During a recent telephone interview with TheBayNet.com, Schisler, who resides on the Eastern Shore, recounted the events that led her career choice as an author. Her family moved to Calvert County when she was in high school. Schisler attended Northern High School and it there the career foundation took shape. In addition to her advanced placement English teacher, English/language arts teacher Pam Enrico also got Schisler enthused about writing. She graduated from Salisbury University after majoring in history and political science and subsequently graduated from the University of Maryland with a master’s degree in library information science. She was a librarian for 15 years. While living in Calvert she was the children’s librarian at Fairview Library. Schisler moved to the Eastern Shore after getting married and worked in the Talbot County Public School system and later became a librarian and head of the media department at Chesapeake College.
“I’ve always written poetry, articles,” Schisler explained, adding that she eventually quit her job as a librarian to become a full-time writer. Her first novel was “A Place to Call Home.” Two of her novels—“Whispering Vines” (2016) and “Island of Miracles” (2018) received Illumination Book Awards. Illumination is an entity that recognizes literature that incorporates faith-based values. “Whispering Vines” also received a Lyra Award for excellence in independent fiction.
“The Devil’s Fortune” is a yarn that stays true to authentic local history as the main character begins to do research on the estate she feels is plagued with pirate spirits. “Whenever I write I do a lot of research and I want it all to be accurate,” said Schisler. In “The Devil’s Fortune,” through her main character, Schisler delves into the history of Catholicism in Southern Maryland, including the story of Father Andrew White.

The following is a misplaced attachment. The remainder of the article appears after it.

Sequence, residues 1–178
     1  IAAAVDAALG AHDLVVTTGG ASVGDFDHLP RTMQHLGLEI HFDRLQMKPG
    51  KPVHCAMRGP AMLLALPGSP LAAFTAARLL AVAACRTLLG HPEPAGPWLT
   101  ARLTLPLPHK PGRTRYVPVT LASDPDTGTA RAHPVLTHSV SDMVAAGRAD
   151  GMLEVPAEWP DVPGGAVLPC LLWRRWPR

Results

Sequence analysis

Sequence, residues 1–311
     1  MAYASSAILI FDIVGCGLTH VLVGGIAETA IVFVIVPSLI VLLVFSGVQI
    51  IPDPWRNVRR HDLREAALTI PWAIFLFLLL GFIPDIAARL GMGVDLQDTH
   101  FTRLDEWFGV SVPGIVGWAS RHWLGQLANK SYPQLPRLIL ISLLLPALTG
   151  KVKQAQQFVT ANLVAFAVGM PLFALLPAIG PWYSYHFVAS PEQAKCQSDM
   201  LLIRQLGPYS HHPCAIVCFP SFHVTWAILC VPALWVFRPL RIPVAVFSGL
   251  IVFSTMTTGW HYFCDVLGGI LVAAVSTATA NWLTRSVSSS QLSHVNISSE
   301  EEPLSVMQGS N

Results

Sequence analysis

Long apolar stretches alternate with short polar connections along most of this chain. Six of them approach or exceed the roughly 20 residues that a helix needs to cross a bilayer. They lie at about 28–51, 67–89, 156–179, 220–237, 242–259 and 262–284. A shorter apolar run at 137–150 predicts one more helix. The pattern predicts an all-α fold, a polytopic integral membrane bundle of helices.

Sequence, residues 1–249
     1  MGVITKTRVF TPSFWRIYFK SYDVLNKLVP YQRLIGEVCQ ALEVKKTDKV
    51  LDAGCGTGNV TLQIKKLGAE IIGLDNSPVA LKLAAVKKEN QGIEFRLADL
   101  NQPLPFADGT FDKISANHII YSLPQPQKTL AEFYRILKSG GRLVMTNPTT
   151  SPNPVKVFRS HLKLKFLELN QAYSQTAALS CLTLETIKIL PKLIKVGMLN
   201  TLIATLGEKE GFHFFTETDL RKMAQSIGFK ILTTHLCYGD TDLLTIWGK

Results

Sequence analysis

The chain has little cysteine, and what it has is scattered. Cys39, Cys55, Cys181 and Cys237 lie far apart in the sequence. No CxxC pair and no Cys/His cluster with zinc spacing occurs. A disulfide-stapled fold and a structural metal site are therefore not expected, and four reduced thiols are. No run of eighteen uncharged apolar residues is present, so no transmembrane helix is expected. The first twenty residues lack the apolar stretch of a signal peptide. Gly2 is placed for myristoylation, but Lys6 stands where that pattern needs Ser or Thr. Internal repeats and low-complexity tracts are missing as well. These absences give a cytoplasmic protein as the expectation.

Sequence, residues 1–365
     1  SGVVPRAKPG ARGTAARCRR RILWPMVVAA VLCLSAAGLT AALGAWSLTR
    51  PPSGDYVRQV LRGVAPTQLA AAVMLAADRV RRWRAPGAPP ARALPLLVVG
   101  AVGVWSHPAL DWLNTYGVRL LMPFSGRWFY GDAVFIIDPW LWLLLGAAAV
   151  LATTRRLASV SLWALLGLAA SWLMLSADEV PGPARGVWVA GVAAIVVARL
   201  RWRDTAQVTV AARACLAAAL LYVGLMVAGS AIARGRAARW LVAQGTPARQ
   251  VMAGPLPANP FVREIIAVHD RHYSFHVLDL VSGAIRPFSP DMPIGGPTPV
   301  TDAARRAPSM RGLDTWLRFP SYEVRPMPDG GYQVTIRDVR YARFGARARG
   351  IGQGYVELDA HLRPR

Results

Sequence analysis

Schisler said she did some online research but also made a few trips to St. Mary’s County. She found a lot of interesting accounts at the St. Clement’s Island Museum in Coltons Point. Both her parents are from St. Mary’s County—her mother’s ancestors came over on the Ark and Dove, and her father’s ancestors used to own St. Clement Island. Schisler’s ancestors’ history is woven into the story.
Schisler took a tour of Ocean Hall and was told stories about the estate by current owners Dr. James Boyd and his wife, Jennifer. “They have been wonderful and supportive,” the author said.
During March, Schisler will be available to discuss her latest novel at two book signings. The first is Sunday, March 24 at Ocean Hall, which will be the novel’s official launch event. The second signing will be Monday, March 25 at St. Mary’s County’s Maryland Day celebration on St. Clements Island. Signings are from noon to 3 p.m. each day. The web site Visit St. Mary’s can provide directions and other location information.
Schisler is currently working on the third and final part of a trilogy on the Chincoteague area. The first two books have won national awards.
For more information about author Amy Schisler, visit her web site.
Contact Marty Madden at email@example.com